Hopefully the slow-but-steady approach means the team won't need too much caffeine to see them through late shifts.

 Source: This article was published techradar.com By Cat Ellis

Categorized in Search Engine

By William Comcowich—Boolean search queries are a powerful and easy-to-use tool to improve your search results. This article will teach you how to use them.

Public relations measurement and marketing teams may subscribe to a media monitoring service to find mentions of their brands in news and social media. But many companies miss mentions because they aren’t using the best search strategies. Even worse, they may be inundated with irrelevant mentions about companies or brands with similar names in different industries.

The use of Boolean search queries can assure more accurate media monitoring results. It’s especially useful in eliminating extraneous results. Some PR and marketing folks may cringe when they hear they should use “Boolean,” thinking it’s some sort of geeky computer solution that’s beyond their skills. It’s not. The art of constructing Boolean search queries is actually quite easy to learn and master. Mainstream search engines like Google and Bing as well as social media monitoring services such as CyberAlert permit Boolean searches.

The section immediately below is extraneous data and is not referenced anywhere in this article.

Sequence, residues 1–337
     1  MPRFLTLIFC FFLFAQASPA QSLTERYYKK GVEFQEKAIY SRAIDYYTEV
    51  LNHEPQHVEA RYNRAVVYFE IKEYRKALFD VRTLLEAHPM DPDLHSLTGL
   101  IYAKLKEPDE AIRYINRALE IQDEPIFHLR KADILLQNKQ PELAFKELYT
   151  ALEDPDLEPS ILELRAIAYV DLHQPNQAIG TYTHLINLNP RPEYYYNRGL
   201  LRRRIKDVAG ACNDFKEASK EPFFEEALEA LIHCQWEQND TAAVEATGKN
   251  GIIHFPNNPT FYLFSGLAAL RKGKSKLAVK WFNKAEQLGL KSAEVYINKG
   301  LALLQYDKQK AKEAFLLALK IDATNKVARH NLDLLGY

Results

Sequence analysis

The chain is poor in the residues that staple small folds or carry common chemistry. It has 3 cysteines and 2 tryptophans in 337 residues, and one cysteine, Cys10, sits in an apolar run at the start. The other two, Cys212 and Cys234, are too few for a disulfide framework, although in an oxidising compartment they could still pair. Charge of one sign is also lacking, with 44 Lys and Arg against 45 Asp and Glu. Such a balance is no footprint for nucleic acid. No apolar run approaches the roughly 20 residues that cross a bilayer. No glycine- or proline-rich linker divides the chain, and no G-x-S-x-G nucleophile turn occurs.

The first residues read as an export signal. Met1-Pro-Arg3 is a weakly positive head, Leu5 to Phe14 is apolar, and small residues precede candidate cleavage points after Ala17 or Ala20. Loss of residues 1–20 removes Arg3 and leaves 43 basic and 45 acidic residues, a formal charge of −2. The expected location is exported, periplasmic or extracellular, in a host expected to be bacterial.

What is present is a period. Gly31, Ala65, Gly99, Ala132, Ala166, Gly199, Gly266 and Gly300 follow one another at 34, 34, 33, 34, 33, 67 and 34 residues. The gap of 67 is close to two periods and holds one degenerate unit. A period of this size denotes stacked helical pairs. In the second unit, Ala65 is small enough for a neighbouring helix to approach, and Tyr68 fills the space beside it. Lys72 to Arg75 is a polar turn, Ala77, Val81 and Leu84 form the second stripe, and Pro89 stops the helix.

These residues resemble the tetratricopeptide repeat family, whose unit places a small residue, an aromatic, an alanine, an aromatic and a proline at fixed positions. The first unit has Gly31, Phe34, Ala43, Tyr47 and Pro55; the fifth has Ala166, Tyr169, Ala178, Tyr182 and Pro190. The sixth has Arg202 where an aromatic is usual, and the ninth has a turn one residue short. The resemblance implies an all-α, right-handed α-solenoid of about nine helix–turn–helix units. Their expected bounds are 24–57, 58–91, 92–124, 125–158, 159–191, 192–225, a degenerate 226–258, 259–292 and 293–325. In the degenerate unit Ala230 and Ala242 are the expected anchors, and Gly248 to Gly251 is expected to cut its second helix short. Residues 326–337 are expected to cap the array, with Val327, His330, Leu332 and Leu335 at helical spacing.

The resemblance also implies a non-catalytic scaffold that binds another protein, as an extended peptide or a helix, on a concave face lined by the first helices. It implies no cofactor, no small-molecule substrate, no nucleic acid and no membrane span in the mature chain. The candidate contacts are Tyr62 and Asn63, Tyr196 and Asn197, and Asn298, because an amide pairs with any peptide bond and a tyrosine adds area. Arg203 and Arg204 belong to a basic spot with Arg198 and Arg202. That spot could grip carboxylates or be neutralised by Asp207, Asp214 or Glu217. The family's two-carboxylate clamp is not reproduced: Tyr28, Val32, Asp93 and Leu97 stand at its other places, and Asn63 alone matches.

Boolean Search Terms Explained

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Simply put, Boolean search involves words like AND, OR, and NOT, and punctuation like parenthesis and quotes. In the Google search engines, the connecting words must be in all caps.

Simply put, Boolean search involves words like AND, OR, and NOT, and punctuation like parenthesis and quotes. In the Google search engines, the connecting words must be in all caps.

AND — Write AND between search terms to require the search results to include both words in any order. If you enter the search term Dove, you’ll see results for the bird, the soap, personal hygiene products, and a nonprofit foundation, among other unrelated results. Boolean search narrows results to your desired outcome. If you input Dove AND chocolate, you’ll receive results that contain both words, leading with Dove Chocolate.

OR — OR will produce results containing any of the words connected by OR. If placed between several words or phrases, results will display pages with one, several, or all of the words. You can use OR to search for nicknames, abbreviations, and common misspellings of your company and its products, as in Wal-Mart OR Wallmart OR Wally Mart. Including OR in queries is especially useful in social media, given the preponderance of abbreviations and misspellings.

NOT— Place NOT before a word to exclude the word from results. That’s a useful technique to eliminate irrelevant results. If your company name or other search term is identical to an unrelated term, perhaps another company in an unrelated industry, use NOT to exclude undesired results. The search term Volkswagen may not require NOT terms to eliminate unrelated results, but Lincoln certainly does. Example: Lincoln AND (auto OR car OR dealer OR etc.) AND NOT (president OR penny OR emancipation OR St. OR Ave.)

If you’re researching what consumers are saying about a product online, you can use NOT to exclude the company’s own online comments, since those results would skew research results. In some search engines, the minus sign replaces the word NOT.